A study by CH2M Hill identified the area above Bayview Avenue, South Peninsula Hospital and Karen Hornaday Park as “generally unsuitable for development.”
The steeper the slope, the stricter the current city regulations impacting construction, according to Rick Abboud, the city’s planning director.
“Depending on where a house goes, we’ll look at the site. We’ll look at the slope of the lot and depending on what that tells us, we may restrict the footprint they use or may have to take special measure to mitigate for their disturbances,” said Abboud.
Summarizing the city’s steep slope code, Abboud said, “When the slope is 15-30 percent, you can’t exceed development of 25 percent of the lot. Then for 30-40 percent it’s 10 percent development. Anything greater than 45 percent needs an engineer to tell us it’s not dangerous.”
In June, Judy Rebecca Court residents began experiencing tilting of the Sonatube foundations beneath buildings on their properties, damage done by the structures’ shifting and, for Gee Denton, large amounts of water pouring out of the hillside behind her home. Engineer John Bishop identified the slope of Denton’s property at 30 degrees, not steep enough to require an engineer’s stamp of approval.
While that applies to new construction, when existing structures become threatened by their slope locations, that’s where Dave Northup of Techno Metal Post Alaska gets involved. Much of his company’s work includes foundation repairs.
“A lot of contractors around town say everything leans toward the bay. Almost anywhere we do work and see Sonatubes, even if you can’t see the bay, they tend to be leaning a little bit toward the bay,” he said.
The rate of erosion can be impacted by more than soil conditions.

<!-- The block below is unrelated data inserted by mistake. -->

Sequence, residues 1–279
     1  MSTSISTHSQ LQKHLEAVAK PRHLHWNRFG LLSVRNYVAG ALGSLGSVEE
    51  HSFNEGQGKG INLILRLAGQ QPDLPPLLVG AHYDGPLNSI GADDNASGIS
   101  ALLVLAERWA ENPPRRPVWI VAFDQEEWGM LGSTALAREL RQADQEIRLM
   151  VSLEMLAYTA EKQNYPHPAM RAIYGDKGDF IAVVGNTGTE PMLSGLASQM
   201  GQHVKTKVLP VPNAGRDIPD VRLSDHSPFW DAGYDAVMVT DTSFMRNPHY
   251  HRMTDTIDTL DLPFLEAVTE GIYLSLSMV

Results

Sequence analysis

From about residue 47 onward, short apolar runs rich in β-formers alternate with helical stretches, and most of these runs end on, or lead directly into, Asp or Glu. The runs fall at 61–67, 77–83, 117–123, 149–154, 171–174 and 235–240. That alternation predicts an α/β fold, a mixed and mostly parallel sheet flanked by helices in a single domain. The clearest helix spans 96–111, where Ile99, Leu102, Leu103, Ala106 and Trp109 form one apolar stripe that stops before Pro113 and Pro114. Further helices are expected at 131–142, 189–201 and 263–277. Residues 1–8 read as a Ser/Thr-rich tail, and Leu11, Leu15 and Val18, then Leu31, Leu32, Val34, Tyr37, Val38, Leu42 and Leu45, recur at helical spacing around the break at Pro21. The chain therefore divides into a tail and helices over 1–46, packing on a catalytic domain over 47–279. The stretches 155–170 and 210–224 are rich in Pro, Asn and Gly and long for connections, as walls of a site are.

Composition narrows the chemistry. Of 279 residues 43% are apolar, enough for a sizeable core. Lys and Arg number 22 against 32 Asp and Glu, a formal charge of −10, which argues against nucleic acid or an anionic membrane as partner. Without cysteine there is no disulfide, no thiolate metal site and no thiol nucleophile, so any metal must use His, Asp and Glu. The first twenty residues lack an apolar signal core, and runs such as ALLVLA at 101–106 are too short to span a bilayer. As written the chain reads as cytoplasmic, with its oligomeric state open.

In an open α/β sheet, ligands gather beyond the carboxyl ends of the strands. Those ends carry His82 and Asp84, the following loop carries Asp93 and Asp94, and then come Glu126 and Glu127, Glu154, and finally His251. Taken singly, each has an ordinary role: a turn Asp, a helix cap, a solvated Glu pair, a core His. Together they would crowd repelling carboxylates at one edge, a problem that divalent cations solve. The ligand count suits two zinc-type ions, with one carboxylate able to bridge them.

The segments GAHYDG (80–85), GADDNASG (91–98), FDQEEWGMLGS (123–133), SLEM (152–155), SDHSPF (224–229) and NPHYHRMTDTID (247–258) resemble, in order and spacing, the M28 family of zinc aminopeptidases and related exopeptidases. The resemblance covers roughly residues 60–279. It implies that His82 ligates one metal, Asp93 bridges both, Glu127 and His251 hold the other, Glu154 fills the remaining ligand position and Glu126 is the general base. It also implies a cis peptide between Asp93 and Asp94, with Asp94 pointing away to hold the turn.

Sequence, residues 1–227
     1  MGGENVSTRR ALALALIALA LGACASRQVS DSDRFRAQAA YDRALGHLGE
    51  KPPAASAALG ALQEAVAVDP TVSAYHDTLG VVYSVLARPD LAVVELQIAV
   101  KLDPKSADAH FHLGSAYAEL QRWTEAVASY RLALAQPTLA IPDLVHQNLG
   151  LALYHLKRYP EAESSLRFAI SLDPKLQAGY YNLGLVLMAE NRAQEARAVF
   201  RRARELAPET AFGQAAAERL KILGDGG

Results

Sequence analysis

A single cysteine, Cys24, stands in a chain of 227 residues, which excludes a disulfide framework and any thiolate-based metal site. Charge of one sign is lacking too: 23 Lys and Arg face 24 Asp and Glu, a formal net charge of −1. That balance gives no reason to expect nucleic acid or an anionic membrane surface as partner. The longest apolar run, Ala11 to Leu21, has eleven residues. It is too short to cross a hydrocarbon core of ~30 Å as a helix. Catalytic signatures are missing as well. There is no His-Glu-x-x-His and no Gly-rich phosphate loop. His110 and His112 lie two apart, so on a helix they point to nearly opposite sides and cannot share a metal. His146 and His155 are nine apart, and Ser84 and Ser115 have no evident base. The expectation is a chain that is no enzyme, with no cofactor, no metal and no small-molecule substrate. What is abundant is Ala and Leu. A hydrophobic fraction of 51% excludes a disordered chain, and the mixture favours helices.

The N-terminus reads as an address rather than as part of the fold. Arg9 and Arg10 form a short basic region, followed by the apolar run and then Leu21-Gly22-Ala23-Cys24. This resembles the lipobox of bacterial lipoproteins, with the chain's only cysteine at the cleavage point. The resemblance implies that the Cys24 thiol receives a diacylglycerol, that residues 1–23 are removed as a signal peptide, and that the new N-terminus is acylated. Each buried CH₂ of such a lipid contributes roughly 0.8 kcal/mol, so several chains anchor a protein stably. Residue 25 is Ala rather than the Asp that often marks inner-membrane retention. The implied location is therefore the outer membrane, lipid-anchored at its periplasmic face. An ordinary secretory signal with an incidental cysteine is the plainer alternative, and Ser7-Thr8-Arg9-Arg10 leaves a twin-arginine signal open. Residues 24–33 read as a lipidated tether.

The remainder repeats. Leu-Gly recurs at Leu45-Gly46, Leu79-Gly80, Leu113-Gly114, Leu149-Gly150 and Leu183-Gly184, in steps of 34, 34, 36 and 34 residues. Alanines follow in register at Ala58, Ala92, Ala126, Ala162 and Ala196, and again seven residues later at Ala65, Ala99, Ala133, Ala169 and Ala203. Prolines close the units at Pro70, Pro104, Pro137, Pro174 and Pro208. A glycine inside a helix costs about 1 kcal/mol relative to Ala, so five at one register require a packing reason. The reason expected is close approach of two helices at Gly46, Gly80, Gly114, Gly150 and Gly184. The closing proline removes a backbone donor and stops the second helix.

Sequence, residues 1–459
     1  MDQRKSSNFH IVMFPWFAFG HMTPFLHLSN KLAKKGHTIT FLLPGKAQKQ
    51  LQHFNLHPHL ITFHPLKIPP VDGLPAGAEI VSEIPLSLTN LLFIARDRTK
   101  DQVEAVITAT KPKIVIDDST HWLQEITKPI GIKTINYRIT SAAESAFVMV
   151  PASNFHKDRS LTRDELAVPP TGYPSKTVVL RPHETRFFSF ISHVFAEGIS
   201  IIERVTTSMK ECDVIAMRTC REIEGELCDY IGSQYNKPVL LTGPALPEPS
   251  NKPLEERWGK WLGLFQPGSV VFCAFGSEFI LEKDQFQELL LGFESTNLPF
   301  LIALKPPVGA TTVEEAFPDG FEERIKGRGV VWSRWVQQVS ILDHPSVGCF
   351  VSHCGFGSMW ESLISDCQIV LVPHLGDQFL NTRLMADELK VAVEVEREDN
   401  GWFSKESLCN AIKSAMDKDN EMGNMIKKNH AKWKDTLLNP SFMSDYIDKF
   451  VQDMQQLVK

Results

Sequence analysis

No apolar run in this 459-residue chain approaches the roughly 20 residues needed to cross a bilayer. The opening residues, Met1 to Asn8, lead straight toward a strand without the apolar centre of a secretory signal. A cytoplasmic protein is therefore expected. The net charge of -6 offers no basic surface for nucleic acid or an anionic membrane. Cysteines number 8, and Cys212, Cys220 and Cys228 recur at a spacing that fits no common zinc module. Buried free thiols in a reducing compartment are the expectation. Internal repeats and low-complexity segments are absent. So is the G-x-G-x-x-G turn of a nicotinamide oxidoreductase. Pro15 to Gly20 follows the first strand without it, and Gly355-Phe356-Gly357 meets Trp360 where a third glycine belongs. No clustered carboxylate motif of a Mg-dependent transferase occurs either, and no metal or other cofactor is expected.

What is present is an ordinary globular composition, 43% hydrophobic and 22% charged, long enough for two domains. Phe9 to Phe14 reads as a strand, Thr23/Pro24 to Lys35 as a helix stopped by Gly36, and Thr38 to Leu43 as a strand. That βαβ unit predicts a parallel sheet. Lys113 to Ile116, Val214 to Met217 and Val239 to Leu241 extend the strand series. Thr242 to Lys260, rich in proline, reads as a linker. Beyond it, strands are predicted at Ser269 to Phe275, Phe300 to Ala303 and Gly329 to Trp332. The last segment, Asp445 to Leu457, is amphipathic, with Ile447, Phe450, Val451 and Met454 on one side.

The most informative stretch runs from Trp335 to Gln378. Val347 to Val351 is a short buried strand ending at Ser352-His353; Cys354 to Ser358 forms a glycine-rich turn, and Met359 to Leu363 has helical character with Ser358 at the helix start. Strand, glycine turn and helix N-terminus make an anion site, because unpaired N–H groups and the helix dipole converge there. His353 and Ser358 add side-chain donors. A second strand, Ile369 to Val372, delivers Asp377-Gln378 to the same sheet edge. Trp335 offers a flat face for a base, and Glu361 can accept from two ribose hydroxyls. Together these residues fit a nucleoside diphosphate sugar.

“Someone has 2,000 gallons of water delivered to their cistern every month. Consider how much that weighs. Then they use the water and it goes into a drain field maybe next to their bluff. Where the water is going is kind of an important question, but we’re just not in the mode of thinking about that around here,” said Coble.
For some areas, such as Kachemak Drive, the loss of mature trees capable of drinking thousands of gallons of water out of the soil also can impact erosion.
“These spruce trees were there, sucking water out of the surface soil that used to be part of a lake bed and then the spruce bark beetles came and killed those, what are you going to do? That water is still there,” said Coble. “Transpiration from plants that are that large does have an impact on the hydrology.”
Coble and McCarthy offered clues of possible erosion for property owners or potential owners. For starters, if you walk toward the bluff and find you are walking uphill, it could be a sign of an upcoming slump, similar to the sloughing at Country Club Estates. Leaning trees or trees whose trunks bend toward the light may signal soil movement. Cracks in the ground, especially following an earthquake, are another sign of instability. One precaution homeowners can take is to ensure water running off a roof doesn’t run straight down beside the foundation where it can “lubricate the ground and accelerate whatever movement might happen,” said McCarthy.
“If you threw in enough things to worry about — earthquakes at the wrong time, heavy rain storms — you could have some real disaster, but so could anywhere,” said Coble. “I don’t go around worrying about that even though it’s a possibility.”
On the other hand, Lawlor wasn’t worrying about the stability of his property before the March 4, 2001, incident.
“I checked back to 1917 and looked at how quickly the land was eroding,” Lawlor said in the March 8, 2001, Homer News, regarding research he did before buying the property 12 years earlier. “At that time, it was losing about a foot a year. We didn’t plan on needing it for more than 25 years, so we figured we were OK. We certainly didn’t think we’d lose it all at once.”
McKibben Jackinsky can be reached at email@example.com.